The long and winding road that led us to Katsushika Oi’s painting, Operating on Guan Yu’s Arm, at Cleveland Museum of Art (CMA) began with our vague awareness of paintings by her famous father, Katsushika Hokusai. Great Wave off Kunagawa, 36 Views of Mount Fuji, Plum Blossom and the Moon to name a few.
Once we stopped just looking and began to read about father Hokusai, we quickly learned that he had a daughter who was also an artist and that she was the subject of a 90-minute anime, Sarusuberi or Miss Hokusai, directed by Keiichi Hara and licensed in North America by GKIDS.
It’s a very good anime, a labor of love whose hand drawn cells take a painterly look at the city of Edo – now known as Tokyo – during the Tokugawa shogunate. It presents Katsushika Oi as her father’s overlooked and taken-for-granted daughter – the name she took for herself, Oi, translates to “Hey you” — who actually painted at least some of the work attributed to her father.
The Hokusai house is small even by Japanese standards and father and daughter are further crowded by the many young painters who visit, hoping to extract artistic wisdom from old man Hokusai and pay court to his daughter.
We immediately wondered how historically accurate the anime was and quickly learned that the manga – the graphic novel – upon which it was based was drawn and written by Hinako Sugiura, who left manga to become a noted scholar of the Tokugawa shogunate and the floating world.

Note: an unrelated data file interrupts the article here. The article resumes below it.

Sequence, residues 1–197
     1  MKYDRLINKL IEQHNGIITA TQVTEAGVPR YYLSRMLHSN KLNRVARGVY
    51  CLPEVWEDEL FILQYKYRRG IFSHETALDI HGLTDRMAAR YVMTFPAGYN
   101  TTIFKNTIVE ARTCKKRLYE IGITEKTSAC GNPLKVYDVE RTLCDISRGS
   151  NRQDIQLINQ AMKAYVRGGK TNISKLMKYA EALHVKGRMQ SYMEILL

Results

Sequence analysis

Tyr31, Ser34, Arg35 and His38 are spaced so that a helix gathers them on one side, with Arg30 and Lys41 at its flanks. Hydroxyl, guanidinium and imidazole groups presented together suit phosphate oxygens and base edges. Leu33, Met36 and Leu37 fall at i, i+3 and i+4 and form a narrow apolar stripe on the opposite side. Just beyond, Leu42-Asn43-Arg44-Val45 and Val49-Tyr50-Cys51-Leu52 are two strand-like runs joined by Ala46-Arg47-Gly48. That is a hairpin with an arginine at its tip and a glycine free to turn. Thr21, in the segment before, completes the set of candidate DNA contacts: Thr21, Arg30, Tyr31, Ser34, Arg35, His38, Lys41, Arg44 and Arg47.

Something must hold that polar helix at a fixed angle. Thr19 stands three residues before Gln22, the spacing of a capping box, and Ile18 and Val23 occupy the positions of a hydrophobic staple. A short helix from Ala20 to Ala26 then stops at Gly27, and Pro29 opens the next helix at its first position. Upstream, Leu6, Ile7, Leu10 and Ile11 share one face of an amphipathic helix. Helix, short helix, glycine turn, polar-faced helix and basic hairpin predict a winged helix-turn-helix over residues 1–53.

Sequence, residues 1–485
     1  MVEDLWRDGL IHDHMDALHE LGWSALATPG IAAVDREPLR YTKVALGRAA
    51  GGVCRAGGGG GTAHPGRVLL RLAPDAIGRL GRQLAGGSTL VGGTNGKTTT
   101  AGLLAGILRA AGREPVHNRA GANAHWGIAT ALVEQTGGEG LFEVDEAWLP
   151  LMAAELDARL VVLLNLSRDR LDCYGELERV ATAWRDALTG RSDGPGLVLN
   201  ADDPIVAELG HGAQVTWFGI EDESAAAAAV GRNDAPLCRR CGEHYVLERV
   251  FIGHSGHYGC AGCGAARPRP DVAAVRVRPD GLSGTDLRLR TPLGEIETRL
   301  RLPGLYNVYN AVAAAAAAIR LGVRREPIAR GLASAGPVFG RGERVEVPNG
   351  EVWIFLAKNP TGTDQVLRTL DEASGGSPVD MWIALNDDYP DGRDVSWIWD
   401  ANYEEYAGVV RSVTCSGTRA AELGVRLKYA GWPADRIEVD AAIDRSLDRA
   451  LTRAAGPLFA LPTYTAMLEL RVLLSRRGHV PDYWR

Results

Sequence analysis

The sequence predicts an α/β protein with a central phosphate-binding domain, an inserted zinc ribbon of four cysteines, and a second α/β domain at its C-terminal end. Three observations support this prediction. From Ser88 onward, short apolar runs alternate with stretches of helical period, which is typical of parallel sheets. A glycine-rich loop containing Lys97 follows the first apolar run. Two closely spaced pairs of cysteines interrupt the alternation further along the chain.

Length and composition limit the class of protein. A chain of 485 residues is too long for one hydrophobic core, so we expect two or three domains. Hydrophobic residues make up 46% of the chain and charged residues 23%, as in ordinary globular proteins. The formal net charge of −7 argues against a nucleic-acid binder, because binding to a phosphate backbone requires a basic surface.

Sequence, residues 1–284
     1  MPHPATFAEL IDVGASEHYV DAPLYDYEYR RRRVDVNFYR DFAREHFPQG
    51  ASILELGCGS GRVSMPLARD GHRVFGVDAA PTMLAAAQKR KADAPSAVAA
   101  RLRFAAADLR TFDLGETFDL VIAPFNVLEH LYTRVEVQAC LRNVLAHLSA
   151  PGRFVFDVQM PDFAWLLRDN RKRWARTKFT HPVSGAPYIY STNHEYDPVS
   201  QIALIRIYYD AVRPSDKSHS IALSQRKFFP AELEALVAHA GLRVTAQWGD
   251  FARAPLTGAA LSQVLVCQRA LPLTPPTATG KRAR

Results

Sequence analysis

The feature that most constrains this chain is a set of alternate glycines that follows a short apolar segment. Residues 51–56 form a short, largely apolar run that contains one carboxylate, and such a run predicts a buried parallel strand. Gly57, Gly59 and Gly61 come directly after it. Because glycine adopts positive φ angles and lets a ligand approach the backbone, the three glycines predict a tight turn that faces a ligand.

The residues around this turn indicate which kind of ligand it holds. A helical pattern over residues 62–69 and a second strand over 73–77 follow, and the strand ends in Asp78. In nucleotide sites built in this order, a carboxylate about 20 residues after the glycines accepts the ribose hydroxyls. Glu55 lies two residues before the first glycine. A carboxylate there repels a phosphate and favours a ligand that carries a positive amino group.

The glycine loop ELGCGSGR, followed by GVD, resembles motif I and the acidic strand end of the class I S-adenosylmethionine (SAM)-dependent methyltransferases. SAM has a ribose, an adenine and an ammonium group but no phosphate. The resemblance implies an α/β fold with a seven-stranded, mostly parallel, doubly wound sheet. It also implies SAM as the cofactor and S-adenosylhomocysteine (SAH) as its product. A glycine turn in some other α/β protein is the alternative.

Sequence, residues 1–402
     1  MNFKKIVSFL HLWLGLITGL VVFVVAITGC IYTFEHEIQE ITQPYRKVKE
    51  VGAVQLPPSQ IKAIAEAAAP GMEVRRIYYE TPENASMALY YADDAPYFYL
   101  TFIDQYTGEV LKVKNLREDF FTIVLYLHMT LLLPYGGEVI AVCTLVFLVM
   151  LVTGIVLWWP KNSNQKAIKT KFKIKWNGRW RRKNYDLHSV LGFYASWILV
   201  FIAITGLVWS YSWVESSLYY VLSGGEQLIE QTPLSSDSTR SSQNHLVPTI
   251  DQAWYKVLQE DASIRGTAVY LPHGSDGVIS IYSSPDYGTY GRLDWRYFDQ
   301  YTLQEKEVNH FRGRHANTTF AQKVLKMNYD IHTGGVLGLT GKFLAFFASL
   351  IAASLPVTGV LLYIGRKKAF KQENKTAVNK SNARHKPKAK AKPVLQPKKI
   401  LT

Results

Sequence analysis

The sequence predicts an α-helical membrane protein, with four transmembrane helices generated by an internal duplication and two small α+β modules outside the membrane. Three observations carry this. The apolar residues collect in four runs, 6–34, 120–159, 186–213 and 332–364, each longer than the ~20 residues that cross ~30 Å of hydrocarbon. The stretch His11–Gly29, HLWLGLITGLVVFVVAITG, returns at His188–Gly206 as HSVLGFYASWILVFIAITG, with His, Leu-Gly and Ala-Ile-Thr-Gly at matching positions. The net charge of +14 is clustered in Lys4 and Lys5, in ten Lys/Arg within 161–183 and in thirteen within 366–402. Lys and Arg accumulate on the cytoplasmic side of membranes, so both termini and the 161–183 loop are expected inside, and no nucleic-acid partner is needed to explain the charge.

We were extolling the virtues of the anime to a friend who’s well informed about Japanese art and she immediately told us about a painting by Miss Hokusai that’s currently on display at Cleveland Museum of Art, Operating on Guan Yu’s Arm. We took a look on our next trip to CMA.
The painting depicts a scene from Romance of the Three Kingdoms, a 14th century historical novel. General Guan Yu has been hit by a poisoned arrow so the physician Hua Tuo operates to remove the poison. Both Guan Yu and Hua Tuo were historical figures but the storied operation never took place. As depicted in Romance of the Three Kingdoms and Miss Hokusai’s painting, the physician offers anesthetic but the general declines, stoically losing himself in a game of Go while the surgery proceeds and the general’s retainers quail and turn away from the carnage. Miss Hokusai is one of many who painted this scene, but her treatment is notable for its still vivid colors, especially the red of the general’s abundant blood.
Operating on Guan Yu’s Arm is one of about ten paintings definitely attributed to Miss Hokusai. Here are two more.
Operating on Guan Yu’s Arm is part of the exhibition Japan’s Floating World, on view at the Cleveland Museum of Art until 10/9/2022. For more information, go to CMA.org.
Elsa Johnson and Victor Lucas